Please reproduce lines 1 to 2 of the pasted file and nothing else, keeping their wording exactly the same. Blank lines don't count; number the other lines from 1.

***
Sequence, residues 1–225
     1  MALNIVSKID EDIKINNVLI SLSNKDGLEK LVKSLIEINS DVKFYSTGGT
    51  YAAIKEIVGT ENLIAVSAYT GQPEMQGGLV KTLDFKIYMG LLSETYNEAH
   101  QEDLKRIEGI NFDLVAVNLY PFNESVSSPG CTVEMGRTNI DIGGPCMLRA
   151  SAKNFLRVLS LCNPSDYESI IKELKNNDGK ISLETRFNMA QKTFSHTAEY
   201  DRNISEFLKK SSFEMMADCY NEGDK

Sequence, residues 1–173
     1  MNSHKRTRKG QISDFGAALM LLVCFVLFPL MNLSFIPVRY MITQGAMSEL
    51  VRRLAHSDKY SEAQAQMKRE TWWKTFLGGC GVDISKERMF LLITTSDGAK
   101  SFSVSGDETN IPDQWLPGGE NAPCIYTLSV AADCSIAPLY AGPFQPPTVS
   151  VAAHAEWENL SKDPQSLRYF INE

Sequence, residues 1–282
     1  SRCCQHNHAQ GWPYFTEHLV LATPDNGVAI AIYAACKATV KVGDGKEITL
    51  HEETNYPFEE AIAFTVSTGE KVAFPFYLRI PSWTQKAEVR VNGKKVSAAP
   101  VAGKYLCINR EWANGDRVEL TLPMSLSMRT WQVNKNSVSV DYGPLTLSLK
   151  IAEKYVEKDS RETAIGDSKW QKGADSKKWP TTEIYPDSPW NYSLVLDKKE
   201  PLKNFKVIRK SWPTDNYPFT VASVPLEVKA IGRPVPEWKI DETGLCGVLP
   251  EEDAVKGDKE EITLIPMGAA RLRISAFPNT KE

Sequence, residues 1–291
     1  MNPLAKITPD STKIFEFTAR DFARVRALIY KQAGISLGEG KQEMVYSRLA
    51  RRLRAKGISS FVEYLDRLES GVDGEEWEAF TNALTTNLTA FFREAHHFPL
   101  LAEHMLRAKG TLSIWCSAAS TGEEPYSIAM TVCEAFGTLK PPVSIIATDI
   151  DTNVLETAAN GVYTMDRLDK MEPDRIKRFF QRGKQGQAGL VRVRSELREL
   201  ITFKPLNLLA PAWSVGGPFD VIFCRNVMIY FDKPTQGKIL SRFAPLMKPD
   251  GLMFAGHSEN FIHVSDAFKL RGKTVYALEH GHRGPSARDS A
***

Sequence, residues 1–225
     1  MALNIVSKID EDIKINNVLI SLSNKDGLEK LVKSLIEINS DVKFYSTGGT